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Restrictions when stock is transferred to an employee

October 31, 2017

On occasion a primary owner might want transfer some ownership or stock to an employee. Regardless of the value and how it is treated for tax purposes, and whether it will be reported properly [it should], there must be restrictions placed on the employee from transferring those shares. Not having restrictions has the potential to cause serious damage to the company.

Improper tax recording or a failure to document the valuation can result in some tax or financial penalties and if the transaction is de minimis in size, the cost won’t really be significant. However, without restrictions on a later transfer the company could end up with owners it would not want. My suggestion is to do everything right, but in that absence then at least impose restrictions on a further transfer of that ownership.

Without restrictions the ownership could be transferred to a spouse, children, siblings, an elderly parent or other heirs or even to an in-law or soon to be former spouse. It could also be transferred to a creditor, competitor, major customer, another employee or a bankruptcy trustee. If not all, then most of these would not be wanted as co-owners.

The restrictions should be in the form of an owners’ agreement, i.e. a buy-sell agreement. A buy-sell agreement signed by all owners would be the best way to restrict the transfer. An alternative would be to have the shares placed in a trust for family members which would also be part of an asset protection and wealth transfer plan. And another alternative, which should also be used in conjunction with the buy-sell, but can be used without it, would be to place an iron tight clause with restrictions on transfers prominently on the document evidencing the ownership, e.g. stock certificate or partnership or members’ agreement.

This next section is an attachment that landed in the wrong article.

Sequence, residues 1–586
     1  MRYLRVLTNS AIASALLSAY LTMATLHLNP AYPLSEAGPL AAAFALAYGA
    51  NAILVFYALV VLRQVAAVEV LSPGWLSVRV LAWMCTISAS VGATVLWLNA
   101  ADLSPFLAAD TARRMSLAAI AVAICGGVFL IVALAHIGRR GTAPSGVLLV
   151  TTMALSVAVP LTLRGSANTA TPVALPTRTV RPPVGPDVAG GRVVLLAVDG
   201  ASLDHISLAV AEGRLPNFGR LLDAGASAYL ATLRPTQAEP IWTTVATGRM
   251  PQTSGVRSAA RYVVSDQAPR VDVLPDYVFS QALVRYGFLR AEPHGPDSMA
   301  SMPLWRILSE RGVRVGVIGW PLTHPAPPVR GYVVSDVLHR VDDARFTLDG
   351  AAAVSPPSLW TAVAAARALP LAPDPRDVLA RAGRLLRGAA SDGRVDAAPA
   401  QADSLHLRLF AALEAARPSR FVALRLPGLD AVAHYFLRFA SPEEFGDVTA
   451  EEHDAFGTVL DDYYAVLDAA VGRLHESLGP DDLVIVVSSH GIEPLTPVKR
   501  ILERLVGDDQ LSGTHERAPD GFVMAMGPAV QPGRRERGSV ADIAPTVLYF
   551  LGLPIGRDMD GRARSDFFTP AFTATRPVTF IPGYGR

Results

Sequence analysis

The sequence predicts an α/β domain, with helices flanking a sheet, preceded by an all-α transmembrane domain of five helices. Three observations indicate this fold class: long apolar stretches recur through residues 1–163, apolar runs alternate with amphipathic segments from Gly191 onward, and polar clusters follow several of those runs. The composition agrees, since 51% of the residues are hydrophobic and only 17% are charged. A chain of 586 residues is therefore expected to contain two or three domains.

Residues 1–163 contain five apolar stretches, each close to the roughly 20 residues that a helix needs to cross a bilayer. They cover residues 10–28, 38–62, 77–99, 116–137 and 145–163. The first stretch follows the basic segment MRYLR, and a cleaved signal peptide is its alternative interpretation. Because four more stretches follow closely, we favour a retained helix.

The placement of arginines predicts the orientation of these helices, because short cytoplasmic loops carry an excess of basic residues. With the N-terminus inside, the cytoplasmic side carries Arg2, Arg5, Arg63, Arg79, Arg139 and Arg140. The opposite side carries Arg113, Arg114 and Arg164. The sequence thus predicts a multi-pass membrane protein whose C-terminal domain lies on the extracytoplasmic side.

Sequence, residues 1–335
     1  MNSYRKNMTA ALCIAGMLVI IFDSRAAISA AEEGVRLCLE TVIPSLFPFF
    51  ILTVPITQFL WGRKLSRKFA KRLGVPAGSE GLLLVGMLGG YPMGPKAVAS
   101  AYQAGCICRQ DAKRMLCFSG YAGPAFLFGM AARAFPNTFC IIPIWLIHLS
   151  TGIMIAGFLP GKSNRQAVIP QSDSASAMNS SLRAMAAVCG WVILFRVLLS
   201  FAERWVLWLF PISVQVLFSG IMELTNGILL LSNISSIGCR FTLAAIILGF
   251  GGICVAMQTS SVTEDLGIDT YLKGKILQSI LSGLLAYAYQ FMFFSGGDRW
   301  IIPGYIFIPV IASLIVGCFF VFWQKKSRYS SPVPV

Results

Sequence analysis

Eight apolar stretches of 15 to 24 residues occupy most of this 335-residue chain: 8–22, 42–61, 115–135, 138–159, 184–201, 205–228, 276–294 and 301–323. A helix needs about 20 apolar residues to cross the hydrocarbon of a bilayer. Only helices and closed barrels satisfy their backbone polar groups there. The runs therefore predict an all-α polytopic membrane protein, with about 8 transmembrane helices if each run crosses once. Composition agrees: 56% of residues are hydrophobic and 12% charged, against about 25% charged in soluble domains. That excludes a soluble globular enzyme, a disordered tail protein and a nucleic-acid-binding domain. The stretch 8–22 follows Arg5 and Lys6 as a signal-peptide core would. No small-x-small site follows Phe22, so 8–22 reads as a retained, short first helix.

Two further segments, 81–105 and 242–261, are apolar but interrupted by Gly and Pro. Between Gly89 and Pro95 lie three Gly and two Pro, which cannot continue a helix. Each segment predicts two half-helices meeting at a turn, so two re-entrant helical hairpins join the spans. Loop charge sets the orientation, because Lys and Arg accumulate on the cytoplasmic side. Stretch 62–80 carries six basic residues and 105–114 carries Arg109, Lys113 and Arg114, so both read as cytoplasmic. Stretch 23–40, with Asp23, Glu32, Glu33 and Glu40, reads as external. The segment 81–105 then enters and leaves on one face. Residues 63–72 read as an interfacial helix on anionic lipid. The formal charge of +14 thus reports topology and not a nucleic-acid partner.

The reason the buy sell agreement is best is because it would spell out every situation where a transfer could occur and would cover why transfers cannot otherwise be done. The agreement would contain restrictions on transfers because of death, disability, personal bankruptcy, execution of a judgment or tax lien, retirement, no longer being employed by the company and myriad other circumstances. It would also work out the valuation amount and the method and terms of payment.

Once shares are issued without the buy-sell or restriction clauses it is very difficult, at best, to have the owners agree to restrictions. The only lever is when additional shares are to be issued and that is made contingent on permitting the restrictions on the previously issued shares.

This is a serious matter and needs special attention beforehand to make sure that very grave, burdensome and costly future problems are avoided.

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